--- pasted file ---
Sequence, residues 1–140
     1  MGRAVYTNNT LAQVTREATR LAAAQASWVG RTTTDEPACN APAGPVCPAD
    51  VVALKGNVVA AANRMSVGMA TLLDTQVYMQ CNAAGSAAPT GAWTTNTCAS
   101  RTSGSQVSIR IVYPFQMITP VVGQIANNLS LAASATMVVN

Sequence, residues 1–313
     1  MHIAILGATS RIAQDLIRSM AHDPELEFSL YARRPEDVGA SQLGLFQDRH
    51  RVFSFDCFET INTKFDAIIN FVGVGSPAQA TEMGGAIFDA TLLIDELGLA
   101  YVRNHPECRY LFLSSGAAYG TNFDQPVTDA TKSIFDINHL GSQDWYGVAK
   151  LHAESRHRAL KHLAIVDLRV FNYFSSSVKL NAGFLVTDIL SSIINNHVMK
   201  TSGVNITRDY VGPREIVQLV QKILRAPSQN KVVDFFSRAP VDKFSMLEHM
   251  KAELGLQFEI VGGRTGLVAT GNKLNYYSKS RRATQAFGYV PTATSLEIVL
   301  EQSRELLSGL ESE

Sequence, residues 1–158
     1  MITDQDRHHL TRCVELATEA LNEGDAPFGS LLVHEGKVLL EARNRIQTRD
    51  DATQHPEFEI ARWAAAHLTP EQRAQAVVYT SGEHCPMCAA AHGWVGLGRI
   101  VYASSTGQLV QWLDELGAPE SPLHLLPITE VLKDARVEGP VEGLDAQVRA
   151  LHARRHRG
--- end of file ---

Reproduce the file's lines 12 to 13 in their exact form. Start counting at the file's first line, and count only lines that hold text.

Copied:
   301  EQSRELLSGL ESE

Sequence, residues 1–158